A usable past in a global world: the case of Russia

A usable past in a global world: the case of Russia

Friday, 4 November 2016 - 5:00pm to 6:45pm
Venue: 
Syndicate Room
Speaker(s): 
Professor James V. Wertsch (Washington University in St Louis)
Convenor: 
Dr Nutsa Batiashvili (REES & Free University of Tbilisi)

Rising frustration over Russia’s actions in Ukraine and elsewhere have led some Western leaders to conclude that Russian leaders are living in a “different world.”  My presentation will examine the source of these frustrations by analyzing the national narratives that shape interpretations of one’s own and others’ actions.  Drawing on ideas from anthropology and psychology about alternative imagined realities, I will focus on how national “narrative templates” serve as the underlying code or “cultural DNA” that guides Russian and U.S. accounts of the past and present.  Empirical evidence from a survey study of U.S. and Russian accounts of World War II will be presented to illustrate these claims.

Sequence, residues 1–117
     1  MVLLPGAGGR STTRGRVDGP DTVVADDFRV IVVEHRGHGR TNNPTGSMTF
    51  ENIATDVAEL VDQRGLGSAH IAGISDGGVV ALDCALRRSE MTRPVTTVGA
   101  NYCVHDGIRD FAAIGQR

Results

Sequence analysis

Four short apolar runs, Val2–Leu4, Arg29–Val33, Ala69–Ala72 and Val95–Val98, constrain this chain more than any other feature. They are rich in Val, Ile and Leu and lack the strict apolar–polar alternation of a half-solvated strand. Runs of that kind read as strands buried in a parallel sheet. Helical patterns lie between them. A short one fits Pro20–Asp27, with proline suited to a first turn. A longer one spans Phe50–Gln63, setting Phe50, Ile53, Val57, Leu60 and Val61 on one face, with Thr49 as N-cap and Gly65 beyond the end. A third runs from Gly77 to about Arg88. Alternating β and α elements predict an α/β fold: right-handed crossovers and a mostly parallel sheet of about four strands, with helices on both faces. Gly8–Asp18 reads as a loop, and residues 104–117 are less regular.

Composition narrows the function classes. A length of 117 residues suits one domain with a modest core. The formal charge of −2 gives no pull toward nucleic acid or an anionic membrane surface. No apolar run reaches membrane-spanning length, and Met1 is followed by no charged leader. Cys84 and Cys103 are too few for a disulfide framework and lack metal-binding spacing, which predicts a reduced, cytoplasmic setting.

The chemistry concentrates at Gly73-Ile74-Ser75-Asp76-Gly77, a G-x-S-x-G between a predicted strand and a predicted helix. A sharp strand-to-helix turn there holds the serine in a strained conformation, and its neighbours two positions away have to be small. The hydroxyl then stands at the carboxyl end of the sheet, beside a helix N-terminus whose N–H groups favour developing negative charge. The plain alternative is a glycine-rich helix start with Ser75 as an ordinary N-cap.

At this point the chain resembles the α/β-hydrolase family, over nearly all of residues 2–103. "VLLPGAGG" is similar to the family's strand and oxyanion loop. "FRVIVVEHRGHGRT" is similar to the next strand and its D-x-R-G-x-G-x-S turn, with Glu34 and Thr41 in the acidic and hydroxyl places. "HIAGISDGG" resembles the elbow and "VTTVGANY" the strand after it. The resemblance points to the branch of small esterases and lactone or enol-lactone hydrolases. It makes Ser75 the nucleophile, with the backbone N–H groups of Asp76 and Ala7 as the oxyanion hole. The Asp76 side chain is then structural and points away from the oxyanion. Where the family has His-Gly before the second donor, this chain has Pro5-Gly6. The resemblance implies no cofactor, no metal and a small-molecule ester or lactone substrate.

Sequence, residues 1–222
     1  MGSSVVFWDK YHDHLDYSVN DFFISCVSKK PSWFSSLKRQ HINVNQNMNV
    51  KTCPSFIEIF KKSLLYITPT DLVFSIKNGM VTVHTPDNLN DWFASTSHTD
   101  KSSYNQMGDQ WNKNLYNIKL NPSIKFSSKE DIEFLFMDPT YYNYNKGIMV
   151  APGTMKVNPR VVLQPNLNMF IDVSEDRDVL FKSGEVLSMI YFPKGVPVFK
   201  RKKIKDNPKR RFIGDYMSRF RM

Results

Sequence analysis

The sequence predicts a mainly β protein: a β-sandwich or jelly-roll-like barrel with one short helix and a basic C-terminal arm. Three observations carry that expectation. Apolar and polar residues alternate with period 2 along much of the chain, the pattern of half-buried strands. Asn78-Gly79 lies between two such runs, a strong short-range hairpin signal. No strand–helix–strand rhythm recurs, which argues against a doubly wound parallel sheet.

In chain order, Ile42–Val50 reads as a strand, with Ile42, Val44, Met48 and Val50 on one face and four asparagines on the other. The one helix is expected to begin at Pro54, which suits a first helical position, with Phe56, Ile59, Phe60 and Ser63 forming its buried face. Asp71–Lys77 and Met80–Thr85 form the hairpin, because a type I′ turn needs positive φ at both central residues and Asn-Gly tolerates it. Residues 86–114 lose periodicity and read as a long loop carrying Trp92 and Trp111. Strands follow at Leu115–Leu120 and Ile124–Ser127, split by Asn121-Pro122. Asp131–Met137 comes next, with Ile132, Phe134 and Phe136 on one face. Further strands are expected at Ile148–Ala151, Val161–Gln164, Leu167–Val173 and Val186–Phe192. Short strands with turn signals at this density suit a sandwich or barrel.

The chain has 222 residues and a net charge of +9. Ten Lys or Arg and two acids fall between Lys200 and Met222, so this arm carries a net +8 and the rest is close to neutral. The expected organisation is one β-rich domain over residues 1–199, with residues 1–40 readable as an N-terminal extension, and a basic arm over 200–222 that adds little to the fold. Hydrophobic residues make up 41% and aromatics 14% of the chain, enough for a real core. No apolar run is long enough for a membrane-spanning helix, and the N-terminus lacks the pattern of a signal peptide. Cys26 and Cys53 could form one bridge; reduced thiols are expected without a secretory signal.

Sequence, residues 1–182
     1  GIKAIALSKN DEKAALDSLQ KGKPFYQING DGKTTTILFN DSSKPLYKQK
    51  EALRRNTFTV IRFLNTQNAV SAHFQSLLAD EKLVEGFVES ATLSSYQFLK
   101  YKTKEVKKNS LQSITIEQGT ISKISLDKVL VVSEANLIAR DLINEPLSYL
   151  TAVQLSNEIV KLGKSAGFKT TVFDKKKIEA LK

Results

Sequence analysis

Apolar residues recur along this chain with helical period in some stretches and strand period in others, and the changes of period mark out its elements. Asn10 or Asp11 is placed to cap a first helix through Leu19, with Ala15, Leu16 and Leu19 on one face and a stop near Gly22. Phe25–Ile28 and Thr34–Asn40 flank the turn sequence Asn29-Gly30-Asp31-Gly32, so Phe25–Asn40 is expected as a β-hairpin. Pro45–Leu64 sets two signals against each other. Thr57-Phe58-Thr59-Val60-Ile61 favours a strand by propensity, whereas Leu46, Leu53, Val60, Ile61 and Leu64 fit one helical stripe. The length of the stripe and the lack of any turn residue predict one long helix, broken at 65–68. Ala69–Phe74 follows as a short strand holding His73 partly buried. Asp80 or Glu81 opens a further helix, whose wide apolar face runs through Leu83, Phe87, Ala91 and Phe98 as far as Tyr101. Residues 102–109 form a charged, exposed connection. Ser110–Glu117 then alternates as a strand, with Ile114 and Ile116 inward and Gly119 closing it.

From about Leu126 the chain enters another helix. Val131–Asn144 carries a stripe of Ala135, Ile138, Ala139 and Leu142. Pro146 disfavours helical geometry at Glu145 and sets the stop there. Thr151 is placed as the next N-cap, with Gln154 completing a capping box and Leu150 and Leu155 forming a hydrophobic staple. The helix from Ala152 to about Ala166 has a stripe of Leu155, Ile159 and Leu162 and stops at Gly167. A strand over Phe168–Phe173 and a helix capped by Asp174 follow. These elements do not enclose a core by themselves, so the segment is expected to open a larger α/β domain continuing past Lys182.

About the speaker

James Wertsch is a professorof Sociocultural Anthropology, David R. Francis Distinguished Professor and Marshall S. Snow Professor in Arts & Sciences at Washington University in St Louis.

He is currently the Vice Chancellor for International Relations, director of McDonnell International Scholars Academy.